As noted here previously, the last several months have brought a noticeable acceleration in the number of new deals, partnerships, solutions and metrics relating to OTT, CTV, addressable and cross media in general.
That was underscored during the past two weeks, which saw a seemingly unceasing string of news developments — sometimes two or three per day.
Just today, we saw the IAB Tech Lab Working Group release guidelines for CTV/OTT devices and app identification.
Dish has been involved in at least two notable new partnerships in recent days.
Yesterday, A+E Networks announced that it has worked with Dish Media and Adcuratio to enable A+E advertisers to deliver multiple versions of national ads tailored to distinct audiences at the household level, within specific MVPDs’ footprints.
During the prior week, the news was a Dish Media partnership with Comcast’s FreeWheel on a new technology for optimizing campaigns across traditional, demo-based buys and household-level, addressable TV campaigns.
Then there’s TiVo. That company’s biggest news by far — revealed yesterday — was its decision to merge with Xperi Corp., an audio, imaging and computing technology products company, in a $3-billion all-stock deal.
But TiVo preceded that major surprise (to the rest of the industry, anyway) with news that it had chosen SpotX as its supply-side platform, to programmatically manage, sell and optimize TiVo’s video ad inventory.
There was also the announcement that VideoAmp has partnered with TiVo to include TiVo’s set-top boxes and DVRs in 19 million U.S. households its TV viewership data pool, along with cable and satellite set-top boxes.
On the critical (if ATV is to move forward with alacrity) metrics front, Nielsen also recently dropped some big news: its launch of a dataset enabling demographically verified measurement across connected TV, linear TV, mobile and desktop.
Even the news that Facebook will run its first Super Bowl ad can be construed as a sign of the advancement of cross-media, if not ATV specifically.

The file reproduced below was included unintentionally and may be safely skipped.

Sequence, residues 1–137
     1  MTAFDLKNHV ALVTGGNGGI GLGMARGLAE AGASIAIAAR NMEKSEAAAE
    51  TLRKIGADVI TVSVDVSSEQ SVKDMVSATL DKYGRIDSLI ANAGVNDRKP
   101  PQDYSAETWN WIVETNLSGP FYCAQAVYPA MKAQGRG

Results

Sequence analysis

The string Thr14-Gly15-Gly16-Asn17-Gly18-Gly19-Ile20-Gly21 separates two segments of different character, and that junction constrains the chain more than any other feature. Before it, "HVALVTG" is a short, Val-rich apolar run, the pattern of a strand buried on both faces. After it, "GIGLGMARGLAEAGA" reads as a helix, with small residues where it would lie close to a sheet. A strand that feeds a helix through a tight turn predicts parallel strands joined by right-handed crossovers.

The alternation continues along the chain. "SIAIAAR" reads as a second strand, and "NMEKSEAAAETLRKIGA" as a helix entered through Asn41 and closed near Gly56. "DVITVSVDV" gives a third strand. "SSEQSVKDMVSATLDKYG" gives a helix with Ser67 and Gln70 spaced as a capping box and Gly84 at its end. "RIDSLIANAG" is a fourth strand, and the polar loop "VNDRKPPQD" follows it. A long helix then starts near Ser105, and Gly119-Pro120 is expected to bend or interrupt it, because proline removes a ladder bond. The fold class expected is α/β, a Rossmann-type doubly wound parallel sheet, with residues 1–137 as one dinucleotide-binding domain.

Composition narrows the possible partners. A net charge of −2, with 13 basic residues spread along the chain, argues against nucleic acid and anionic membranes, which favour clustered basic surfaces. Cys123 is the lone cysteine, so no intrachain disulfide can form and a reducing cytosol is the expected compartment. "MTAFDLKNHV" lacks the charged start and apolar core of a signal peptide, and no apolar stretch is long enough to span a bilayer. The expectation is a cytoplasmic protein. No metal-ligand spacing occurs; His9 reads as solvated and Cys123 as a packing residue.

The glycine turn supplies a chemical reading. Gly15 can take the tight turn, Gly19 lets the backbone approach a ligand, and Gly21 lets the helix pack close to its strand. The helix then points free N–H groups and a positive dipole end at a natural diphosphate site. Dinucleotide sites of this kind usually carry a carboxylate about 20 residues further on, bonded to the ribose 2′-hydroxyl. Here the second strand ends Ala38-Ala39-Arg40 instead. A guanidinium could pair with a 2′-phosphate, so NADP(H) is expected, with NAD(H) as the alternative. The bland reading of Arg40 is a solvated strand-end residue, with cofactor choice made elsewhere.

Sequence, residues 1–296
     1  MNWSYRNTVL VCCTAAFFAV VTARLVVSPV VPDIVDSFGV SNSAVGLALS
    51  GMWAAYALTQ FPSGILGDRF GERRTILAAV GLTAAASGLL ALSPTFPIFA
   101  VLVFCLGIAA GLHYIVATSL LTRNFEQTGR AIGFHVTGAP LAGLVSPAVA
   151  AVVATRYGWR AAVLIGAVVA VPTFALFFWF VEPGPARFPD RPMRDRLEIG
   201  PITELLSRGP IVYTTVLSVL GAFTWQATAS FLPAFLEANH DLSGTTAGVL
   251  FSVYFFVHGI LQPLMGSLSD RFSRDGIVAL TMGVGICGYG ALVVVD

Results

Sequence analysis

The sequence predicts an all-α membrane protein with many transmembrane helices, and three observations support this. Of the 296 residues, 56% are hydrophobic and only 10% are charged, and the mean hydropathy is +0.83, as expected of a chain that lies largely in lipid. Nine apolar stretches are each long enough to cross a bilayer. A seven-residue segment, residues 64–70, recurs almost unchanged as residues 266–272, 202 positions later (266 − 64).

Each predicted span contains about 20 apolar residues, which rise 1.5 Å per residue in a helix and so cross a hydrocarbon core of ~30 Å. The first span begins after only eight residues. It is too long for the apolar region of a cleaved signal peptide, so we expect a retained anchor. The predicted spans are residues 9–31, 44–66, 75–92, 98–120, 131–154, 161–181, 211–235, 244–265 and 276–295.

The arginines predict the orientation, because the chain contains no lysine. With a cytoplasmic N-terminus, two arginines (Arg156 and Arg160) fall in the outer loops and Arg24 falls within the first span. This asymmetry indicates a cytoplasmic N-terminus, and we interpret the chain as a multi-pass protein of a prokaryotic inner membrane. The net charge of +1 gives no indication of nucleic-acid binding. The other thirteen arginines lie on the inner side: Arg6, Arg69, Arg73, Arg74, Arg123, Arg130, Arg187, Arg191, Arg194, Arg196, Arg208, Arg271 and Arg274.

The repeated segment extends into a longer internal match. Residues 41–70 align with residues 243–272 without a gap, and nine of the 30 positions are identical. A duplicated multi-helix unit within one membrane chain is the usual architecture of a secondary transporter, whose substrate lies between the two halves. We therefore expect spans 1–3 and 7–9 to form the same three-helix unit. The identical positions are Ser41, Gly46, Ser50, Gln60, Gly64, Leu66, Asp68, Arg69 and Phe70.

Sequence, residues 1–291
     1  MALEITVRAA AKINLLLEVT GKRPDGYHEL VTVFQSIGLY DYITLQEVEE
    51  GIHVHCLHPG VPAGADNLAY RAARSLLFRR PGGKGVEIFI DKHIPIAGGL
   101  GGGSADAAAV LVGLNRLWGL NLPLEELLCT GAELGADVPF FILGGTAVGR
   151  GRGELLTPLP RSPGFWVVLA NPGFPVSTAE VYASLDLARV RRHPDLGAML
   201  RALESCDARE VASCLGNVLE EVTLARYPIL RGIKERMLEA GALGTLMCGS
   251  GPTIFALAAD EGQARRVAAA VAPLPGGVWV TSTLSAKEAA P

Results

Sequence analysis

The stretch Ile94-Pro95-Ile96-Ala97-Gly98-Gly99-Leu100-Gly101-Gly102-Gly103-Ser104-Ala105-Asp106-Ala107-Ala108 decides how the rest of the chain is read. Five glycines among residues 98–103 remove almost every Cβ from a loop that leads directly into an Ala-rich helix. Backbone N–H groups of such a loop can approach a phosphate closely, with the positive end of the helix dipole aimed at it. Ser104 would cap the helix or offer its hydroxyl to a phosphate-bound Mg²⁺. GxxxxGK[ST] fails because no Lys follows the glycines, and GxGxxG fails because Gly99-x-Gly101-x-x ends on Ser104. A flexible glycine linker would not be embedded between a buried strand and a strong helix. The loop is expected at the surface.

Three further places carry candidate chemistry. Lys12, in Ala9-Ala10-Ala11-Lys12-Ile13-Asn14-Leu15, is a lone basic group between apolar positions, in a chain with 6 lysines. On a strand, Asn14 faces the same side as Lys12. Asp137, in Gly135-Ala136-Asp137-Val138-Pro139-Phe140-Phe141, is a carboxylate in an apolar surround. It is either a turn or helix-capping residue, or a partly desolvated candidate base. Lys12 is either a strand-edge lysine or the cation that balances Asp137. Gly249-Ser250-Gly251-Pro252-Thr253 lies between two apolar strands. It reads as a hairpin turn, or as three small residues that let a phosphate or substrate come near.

“It shows the strength of traditional linear TV as a branding vehicle,” comments VideoAmp Chief Revenue Officer Michael Parkes.
Facebook, while synonymous with digital advertising, “understands that premium video content is critically important to building its brand, and that the Super Bowl is a way to reach consumers who may not yet have seen their ads," says Parkes.
"Facebook will no doubt leverage its digital capabilities to maximize its Super Bowl buy by aligning its strategies across linear, OTT and digital to deliver value that will justify an investment in the most expensive TV advertising spot in the world.”
This week also brought the positive news of a merger of Rubicon and Telaria, along with the unfortunate news of the demise of digital video performance marketing company EyeView.
As Simulmedia CEO Dave Morgan observed in his latest astute MediaPost column, those two events “matter and are a sign of some real maturity coming to the industry.”
Why? Because the merger isn’t of the “hail Mary” variety, but rather one of tenured players that’s should result in “real positive value and growth multiplication.” And the EyeView scenario speaks to the inevitable consolidation that occurs (even affecting companies run by strong leaders, like EyeView) when the form of a new, tech-driven industry is beginning to take shape.
That maturation process will of course continue for some time.
And the almost-frenzied level of activity by major media and solutions players, as indicated by the (partial) list above of what’s gone on in the last two weeks, will no doubt also continue into next year until that maturation process begins to wind down.
In short, I think we can count on 2020’s being a pivotal year for ATV and cross-media as a whole.